Article II of the Armed Forces Code of Conduct states:
“I will never surrender of my own free will. If in command, I will never surrender the members of my command while they still have the means to resist.”
Yet, Tuesday, two U. S. boats along with 10 sailors surrendered to the Iranian Revolutionary guard.
And like most of you, over the last day, I have watched over and over again on TV, photos and videos of the American sailors on their knees with hands behind their heads. The Navy commander of the captured sailors is on the video apologizing (An apology Biden swears never happened.) and thanking the Iranians for their hospitality.
“It was a mistake that was our fault and we apologize for our mistake,” said the U.S sailor, who was identified by Iran’s Press TV as the commander. “It was a misunderstanding. We did not mean to go into Iranian territorial water. The Iranian behavior was fantastic while we were here. We thank you very much for your hospitality and your assistance.”
Our groveling Secretary of State, not to be overshadowed by the Navy commander, applauds and thanks Iran for this wonderful new relationship we have with them.
[Listen to yesterday’s interview with the Daily Signal’s congressional correspondent who reports on his conversations with congressmen relating to the Iran fiasco]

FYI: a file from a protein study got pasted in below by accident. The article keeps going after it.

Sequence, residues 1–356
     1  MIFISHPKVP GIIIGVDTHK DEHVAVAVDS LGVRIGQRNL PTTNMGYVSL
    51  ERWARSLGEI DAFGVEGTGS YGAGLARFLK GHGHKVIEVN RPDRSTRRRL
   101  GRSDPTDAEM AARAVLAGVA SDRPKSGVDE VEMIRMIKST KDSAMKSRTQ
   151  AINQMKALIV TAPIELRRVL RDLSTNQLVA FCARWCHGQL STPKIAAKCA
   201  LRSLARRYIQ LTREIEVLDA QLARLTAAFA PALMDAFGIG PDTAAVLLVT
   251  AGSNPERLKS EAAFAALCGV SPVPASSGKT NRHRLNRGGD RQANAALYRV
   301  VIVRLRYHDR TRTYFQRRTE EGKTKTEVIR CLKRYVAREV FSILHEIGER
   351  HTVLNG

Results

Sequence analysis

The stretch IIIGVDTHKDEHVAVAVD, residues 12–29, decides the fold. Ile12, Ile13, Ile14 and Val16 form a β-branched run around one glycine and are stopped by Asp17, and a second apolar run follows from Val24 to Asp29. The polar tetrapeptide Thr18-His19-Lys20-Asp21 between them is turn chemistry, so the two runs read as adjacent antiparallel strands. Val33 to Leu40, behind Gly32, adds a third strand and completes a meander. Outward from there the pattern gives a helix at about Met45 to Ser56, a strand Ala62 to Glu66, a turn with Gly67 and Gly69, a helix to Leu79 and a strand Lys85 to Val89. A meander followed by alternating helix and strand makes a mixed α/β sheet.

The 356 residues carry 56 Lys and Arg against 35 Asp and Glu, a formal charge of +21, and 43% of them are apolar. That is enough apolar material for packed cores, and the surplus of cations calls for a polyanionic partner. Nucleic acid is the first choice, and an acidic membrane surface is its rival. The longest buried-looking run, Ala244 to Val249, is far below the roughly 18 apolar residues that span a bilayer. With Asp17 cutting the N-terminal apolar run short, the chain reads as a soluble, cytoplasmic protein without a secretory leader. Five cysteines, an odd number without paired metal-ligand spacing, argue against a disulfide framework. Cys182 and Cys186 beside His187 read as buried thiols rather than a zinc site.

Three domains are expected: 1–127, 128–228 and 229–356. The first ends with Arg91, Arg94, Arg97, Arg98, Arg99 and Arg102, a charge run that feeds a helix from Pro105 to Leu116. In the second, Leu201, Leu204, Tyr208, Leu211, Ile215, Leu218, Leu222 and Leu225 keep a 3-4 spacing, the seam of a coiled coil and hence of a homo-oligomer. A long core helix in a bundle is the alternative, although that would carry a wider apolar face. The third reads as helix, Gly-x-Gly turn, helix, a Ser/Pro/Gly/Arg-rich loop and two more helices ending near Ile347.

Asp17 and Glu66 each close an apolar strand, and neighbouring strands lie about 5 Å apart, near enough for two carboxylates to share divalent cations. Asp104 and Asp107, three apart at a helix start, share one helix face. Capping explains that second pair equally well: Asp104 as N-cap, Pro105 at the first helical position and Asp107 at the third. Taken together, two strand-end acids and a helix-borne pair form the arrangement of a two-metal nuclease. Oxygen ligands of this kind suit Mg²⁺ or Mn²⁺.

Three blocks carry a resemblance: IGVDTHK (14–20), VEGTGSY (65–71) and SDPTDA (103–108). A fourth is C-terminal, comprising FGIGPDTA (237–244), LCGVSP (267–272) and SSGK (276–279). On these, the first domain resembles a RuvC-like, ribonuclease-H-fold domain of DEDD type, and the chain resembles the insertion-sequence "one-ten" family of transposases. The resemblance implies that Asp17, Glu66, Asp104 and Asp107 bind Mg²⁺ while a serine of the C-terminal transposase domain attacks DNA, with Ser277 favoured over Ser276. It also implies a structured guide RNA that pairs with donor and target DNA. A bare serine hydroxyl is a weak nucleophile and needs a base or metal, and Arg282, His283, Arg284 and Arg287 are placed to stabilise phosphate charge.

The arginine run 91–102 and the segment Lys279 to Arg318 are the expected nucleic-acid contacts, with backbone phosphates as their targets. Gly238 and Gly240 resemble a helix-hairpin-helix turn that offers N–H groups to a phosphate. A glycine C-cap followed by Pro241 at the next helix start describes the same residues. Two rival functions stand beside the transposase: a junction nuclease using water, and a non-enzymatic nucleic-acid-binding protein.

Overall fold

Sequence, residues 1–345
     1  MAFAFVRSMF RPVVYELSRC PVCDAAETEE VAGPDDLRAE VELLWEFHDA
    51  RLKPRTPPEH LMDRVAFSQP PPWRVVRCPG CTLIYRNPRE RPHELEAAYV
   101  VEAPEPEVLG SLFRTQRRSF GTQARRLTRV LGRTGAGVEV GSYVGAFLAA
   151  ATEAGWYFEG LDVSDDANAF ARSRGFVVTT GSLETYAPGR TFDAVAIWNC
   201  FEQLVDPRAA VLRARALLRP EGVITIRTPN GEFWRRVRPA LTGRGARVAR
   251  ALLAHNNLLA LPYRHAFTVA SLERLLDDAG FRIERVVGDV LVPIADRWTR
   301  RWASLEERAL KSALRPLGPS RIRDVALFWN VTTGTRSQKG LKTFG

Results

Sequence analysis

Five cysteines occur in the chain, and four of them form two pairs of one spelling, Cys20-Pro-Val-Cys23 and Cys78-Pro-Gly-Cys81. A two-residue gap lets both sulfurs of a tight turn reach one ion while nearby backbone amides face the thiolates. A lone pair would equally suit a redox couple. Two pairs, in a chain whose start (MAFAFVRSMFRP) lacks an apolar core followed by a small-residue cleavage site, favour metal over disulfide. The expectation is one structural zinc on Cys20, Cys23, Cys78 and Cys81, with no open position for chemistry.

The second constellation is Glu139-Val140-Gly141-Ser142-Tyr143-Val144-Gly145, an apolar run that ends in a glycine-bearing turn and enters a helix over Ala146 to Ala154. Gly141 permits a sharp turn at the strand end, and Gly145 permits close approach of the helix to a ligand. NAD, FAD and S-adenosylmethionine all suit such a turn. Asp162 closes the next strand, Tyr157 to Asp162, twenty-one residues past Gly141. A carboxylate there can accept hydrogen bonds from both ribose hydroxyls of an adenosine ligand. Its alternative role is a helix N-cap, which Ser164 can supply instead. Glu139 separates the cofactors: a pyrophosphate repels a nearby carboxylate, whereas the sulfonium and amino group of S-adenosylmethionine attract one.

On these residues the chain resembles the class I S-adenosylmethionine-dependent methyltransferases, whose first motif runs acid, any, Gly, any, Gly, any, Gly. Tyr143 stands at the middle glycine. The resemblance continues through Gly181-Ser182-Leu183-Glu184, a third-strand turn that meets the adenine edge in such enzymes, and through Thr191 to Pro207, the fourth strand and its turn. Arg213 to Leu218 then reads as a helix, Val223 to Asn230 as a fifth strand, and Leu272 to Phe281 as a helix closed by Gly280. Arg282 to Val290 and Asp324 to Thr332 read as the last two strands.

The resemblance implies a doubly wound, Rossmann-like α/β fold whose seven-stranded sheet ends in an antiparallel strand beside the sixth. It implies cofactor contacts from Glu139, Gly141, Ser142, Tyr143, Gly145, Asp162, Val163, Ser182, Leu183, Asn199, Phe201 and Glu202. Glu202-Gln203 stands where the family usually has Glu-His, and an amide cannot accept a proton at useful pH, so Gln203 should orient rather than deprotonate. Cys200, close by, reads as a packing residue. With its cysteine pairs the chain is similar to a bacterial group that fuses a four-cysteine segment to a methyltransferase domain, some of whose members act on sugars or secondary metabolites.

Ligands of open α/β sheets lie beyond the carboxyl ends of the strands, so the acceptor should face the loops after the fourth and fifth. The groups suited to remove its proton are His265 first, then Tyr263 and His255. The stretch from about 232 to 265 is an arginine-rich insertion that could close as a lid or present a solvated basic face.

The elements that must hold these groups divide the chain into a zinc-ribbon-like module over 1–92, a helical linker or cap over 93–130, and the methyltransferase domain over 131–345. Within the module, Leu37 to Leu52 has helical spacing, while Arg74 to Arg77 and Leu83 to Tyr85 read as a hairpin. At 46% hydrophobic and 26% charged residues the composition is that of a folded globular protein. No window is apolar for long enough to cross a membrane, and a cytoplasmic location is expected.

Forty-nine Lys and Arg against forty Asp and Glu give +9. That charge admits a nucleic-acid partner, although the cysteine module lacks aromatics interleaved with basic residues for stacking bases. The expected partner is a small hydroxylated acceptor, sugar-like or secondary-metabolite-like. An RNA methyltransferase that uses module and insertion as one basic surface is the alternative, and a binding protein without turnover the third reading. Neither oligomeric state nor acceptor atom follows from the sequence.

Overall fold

It never used to be like that — Admiral Jeremiah Denton.
As a young Navy pilot, Admiral Jeremiah Denton was shot down and became a Vietnam POW for nearly eight years. In 1966, after being tortured and threatened with death if he did not “correctly” answer the questions posed, he was televised in front of Communist dignitaries with the purpose of having him admit to American atrocities. Instead, Denton turned the tables on his captors. He replied, “Whatever the position of my government is, I believe it, I support it, and I will support it as long as I live.”
The Iranians have flashed the images around the world to prove America is nothing but a paper tiger— not much to be concerned with.
As I watched in disbelief, and anger the videos of the sailors on their knees, hands behind their heads, just like POWs or the victims of ISIS before their throats are slit, and of the young commander apologizing, I keep wondering: was he given orders to “stand down,” and make whatever statement the Iranians demanded for their release?
Reports differ on why the boat strayed into supposed Iranian waters: malfunctioned motor, lack of gas, or something else. Nevertheless, clearly the men and boats were heavily armed. They had “the means to resist.” Ammunition and guns were very evident. Did all the guns malfunction? Did their radios malfunction? Was help too far away? Shades of Benghazi.
The Pentagon claims they don’t know what happened; that they are investigating. That’s BS. You mean with all their means of communication, they didn’t have a full picture of what happened within an hour?
Congress should investigate right now. Subpoena the sailors. (For more from the author of “Anger, Humiliation, Investigation, Violation of the Code of Conduct” please click HERE)